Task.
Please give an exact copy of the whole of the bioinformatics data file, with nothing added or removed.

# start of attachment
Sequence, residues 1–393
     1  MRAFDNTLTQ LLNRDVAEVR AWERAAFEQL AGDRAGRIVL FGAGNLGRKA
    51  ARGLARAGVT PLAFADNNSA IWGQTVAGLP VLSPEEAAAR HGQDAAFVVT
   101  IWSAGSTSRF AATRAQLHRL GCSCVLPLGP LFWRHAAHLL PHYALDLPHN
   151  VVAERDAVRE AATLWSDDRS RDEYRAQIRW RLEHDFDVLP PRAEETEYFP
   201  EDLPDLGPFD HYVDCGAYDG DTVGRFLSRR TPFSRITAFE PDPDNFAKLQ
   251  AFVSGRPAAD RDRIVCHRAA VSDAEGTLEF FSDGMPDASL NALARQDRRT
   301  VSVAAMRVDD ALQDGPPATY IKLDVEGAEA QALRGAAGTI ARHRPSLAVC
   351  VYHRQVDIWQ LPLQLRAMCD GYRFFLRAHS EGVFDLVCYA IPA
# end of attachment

Sequence, residues 1–393
     1  MRAFDNTLTQ LLNRDVAEVR AWERAAFEQL AGDRAGRIVL FGAGNLGRKA
    51  ARGLARAGVT PLAFADNNSA IWGQTVAGLP VLSPEEAAAR HGQDAAFVVT
   101  IWSAGSTSRF AATRAQLHRL GCSCVLPLGP LFWRHAAHLL PHYALDLPHN
   151  VVAERDAVRE AATLWSDDRS RDEYRAQIRW RLEHDFDVLP PRAEETEYFP
   201  EDLPDLGPFD HYVDCGAYDG DTVGRFLSRR TPFSRITAFE PDPDNFAKLQ
   251  AFVSGRPAAD RDRIVCHRAA VSDAEGTLEF FSDGMPDASL NALARQDRRT
   301  VSVAAMRVDD ALQDGPPATY IKLDVEGAEA QALRGAAGTI ARHRPSLAVC
   351  VYHRQVDIWQ LPLQLRAMCD GYRFFLRAHS EGVFDLVCYA IPA